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Broadway Bridge work to shift streetcars; service to halt during rush hours to ease traffic backups

by Noel Oman | August 31, 2016 at 5:45 a.m.
The River Rail trolley crosses the Main Street Bridge into North Little Rock on Tuesday beside the arches of the new Broadway Bridge.

Rock Region Metro streetcars won't operate during the morning and afternoon rush hours when the Broadway Bridge closes for up for six months.

Officials for the Pulaski County transit agency said Tuesday that they are acceding to a request from Little Rock and North Little Rock traffic engineers to not run the streetcars when traffic will be heaviest.

"We are trying to do everything we can to assist," Jarod Varner, the executive director for Rock Region, told the agency's board at its monthly meeting Tuesday.

The streetcars operate on tracks that cross the Main Street Bridge, which traffic engineers expect will draw many of the 25,000 motorists now using the Broadway Bridge once it closes Sept. 28. At that time, a contractor will begin removing the existing bridge and replacing it with a new one.

The streetcars use the Main Street bridge without impeding traffic, but the two routes on which they operate also are on parts of the streets that motorists use to access the bridge.

The streetcar operators are able to control traffic signals to stop traffic in all directions to allow the streetcars to safely go through intersections, which can cause traffic to back up at peak times.

The Arkansas Highway and Transportation Department announced last week that the 93-year-old Broadway Bridge would close to traffic at the end of next month.

The bridge is being replaced under a $98.4 million contract the department awarded to Massman Construction Co. of Kansas City, Mo., in September 2014. The company has been doing preliminary work in the river and on its banks, including construction of the new bridge's twin arches, which will be floated into place via barge and lowered atop the new bridge supports once the old bridge is removed.

Work to replace the bridge, which is on U.S. 70, began in 2011 after the department determined that all three of its components -- the superstructure, substructure and deck -- were rated as structurally deficient.

Though state highway officials say the bridge remains safe, it has been increasingly costly to maintain and, as a result, replacing it is more economical.

Varner said no firm times have been established for when the streetcar service would halt, but he expected it be roughly from 7 a.m. to 9 a.m. and from 3:30 p.m. to 6:30 p.m. during the weekday commutes.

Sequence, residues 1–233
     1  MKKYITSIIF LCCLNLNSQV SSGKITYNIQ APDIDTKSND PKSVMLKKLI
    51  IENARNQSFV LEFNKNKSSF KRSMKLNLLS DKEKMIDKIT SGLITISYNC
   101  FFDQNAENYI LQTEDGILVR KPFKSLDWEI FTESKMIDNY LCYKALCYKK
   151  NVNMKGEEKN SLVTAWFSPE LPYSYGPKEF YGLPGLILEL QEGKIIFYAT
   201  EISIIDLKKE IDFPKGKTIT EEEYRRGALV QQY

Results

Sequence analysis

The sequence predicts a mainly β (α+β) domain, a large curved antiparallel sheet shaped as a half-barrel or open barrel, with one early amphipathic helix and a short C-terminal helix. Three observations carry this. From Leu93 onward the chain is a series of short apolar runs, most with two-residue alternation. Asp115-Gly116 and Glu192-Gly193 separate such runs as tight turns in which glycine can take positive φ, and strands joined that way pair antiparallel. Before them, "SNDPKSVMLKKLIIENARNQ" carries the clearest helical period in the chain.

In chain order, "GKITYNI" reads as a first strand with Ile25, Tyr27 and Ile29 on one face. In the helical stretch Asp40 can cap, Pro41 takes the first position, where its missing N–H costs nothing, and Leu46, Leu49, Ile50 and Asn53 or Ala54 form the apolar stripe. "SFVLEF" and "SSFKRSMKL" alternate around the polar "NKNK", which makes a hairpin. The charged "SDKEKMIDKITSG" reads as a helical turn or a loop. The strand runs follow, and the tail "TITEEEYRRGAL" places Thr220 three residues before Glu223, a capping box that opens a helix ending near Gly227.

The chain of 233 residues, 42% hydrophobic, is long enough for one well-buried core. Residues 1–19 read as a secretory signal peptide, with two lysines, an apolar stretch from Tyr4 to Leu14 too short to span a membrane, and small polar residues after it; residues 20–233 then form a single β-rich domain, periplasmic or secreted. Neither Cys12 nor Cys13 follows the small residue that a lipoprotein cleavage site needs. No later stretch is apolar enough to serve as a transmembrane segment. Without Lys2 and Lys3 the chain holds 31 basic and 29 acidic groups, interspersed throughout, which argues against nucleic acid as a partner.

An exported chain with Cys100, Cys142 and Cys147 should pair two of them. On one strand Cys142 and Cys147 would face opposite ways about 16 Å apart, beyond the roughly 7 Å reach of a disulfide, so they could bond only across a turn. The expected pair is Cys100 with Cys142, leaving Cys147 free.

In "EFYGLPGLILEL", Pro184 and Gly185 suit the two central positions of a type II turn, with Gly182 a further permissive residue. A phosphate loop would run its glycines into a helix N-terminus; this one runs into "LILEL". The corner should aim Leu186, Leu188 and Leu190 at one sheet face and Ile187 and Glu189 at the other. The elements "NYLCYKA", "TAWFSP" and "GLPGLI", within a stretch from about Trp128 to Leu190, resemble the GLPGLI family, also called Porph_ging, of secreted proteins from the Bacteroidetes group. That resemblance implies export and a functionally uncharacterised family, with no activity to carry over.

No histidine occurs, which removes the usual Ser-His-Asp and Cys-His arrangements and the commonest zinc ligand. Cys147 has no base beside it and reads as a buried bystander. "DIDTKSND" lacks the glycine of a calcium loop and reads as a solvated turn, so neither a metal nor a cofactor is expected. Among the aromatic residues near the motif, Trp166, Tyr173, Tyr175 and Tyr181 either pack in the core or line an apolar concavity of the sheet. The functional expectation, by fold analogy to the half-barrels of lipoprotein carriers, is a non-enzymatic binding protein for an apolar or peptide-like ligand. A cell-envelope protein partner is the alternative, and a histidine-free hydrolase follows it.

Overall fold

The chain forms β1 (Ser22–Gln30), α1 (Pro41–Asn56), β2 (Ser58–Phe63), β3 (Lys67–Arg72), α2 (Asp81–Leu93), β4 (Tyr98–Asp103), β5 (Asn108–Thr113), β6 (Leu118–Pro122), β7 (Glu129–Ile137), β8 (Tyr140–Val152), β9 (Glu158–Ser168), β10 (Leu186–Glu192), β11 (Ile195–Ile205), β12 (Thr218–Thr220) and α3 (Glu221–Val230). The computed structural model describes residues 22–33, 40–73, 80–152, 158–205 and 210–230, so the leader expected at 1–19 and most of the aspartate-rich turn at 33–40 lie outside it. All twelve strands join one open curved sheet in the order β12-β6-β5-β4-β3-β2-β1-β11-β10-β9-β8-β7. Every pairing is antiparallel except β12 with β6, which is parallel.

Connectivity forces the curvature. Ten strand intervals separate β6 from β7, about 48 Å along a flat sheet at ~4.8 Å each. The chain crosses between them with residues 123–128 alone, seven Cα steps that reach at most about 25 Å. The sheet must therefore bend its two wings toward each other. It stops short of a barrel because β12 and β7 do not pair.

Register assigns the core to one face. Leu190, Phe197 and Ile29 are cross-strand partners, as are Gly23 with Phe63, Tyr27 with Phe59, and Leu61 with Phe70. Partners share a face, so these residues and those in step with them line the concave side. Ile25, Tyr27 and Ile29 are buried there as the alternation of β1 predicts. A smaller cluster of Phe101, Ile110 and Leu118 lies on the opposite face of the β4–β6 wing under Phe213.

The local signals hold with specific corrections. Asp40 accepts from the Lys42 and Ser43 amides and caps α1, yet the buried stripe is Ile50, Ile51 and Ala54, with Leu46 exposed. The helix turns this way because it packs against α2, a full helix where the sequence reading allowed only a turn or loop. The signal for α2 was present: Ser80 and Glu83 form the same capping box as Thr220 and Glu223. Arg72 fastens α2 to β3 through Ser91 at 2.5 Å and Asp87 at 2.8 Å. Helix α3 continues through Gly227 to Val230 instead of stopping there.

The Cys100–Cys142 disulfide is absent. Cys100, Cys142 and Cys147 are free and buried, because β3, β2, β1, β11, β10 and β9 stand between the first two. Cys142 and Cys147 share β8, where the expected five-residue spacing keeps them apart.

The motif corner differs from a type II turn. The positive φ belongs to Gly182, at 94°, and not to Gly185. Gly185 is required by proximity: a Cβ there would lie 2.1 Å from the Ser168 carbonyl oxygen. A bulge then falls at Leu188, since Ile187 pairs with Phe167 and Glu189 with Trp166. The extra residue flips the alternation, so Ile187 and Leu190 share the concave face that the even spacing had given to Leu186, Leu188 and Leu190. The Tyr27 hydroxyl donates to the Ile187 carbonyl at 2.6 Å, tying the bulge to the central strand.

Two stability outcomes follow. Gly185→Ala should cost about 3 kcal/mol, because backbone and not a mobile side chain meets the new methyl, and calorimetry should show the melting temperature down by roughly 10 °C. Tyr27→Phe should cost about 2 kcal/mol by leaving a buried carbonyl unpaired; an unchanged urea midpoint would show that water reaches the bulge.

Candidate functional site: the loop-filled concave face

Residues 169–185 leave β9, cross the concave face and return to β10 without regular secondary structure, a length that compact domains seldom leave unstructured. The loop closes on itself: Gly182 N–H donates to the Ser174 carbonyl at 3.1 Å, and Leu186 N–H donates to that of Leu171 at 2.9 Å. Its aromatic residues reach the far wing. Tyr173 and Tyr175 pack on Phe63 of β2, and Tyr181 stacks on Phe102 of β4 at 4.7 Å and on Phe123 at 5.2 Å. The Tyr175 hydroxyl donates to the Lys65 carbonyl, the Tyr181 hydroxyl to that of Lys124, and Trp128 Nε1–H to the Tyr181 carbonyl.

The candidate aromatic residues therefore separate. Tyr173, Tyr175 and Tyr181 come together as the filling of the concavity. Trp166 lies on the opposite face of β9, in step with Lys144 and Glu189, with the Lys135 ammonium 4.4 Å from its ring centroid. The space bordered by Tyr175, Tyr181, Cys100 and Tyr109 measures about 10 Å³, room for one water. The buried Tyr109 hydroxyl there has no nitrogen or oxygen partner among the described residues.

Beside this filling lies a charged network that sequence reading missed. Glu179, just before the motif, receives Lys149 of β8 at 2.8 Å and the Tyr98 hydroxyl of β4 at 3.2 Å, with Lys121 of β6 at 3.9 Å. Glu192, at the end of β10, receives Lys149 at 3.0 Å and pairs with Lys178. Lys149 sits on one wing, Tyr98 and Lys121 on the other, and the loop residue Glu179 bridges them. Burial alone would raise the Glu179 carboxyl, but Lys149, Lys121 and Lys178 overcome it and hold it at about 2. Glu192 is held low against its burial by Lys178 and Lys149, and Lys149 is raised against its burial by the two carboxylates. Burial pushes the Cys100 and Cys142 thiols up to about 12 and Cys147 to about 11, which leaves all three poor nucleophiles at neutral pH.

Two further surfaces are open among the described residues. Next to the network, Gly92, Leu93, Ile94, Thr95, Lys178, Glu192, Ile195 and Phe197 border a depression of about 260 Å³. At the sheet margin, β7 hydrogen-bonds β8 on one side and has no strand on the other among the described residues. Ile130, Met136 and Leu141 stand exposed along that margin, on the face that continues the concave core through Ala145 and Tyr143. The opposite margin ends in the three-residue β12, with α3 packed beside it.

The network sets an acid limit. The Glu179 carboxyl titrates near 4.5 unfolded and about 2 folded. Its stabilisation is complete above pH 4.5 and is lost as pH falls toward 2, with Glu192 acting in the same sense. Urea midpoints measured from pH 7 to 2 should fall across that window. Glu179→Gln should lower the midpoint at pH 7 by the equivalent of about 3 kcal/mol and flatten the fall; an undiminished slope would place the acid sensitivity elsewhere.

Varner had offered to provide additional bus service during the time the bridge was closed, but with the caveat that the federal government, the state or the cities would pay for it.

"We want to do everything we can within our financial capabilities to try to alleviate what's going to go on when the bridge comes down," he said. "We don't have the funds to put in additional bus service, which is what is needed.

"It's absolutely something we wish we had the opportunity to do. But without funding from the feds, AHTD or the cities, we just can't come up with that type of financing."

More recently, he has offered to make the streetcars available to provide shuttle service limited primarily to the Main Street bridge, but the streetcar operators would need to have the authority to control the traffic signal at Washington Avenue in North Little Rock to make it work.

"It could be an opportunity," Varner said. "It's a tough sell to get people to drive 95 percent of the way there and then get out of their car to get a streetcar. That's less than a mile. But it's a tool we want the cities to know they have in their tool belt in case it's bad enough we need to do that."

The interruption of streetcar service comes as the agency reports a dramatic drop in streetcar ridership last month.

Rock Region Metro data showed that July ridership on the streetcar totaled 6,247, or a 45 percent drop from the 11,451 riders it reported in July 2015. That brought riders so far this year to 45,503, or 24 percent fewer than the 60,005 riders reported through the first seven months of last year.

The agency blamed Verizon Arena in North Little Rock and the Statehouse Convention Center in Little Rock for the "lower than normal seasonal ridership."

Both venues have been "very slow this summer," the agency said. "The streetcar depends on seasonal visitors and events for robust ridership."

Metro on 08/31/2016

Print Headline: Broadway work to shift streetcars; Service to halt during rush hours to ease traffic backups

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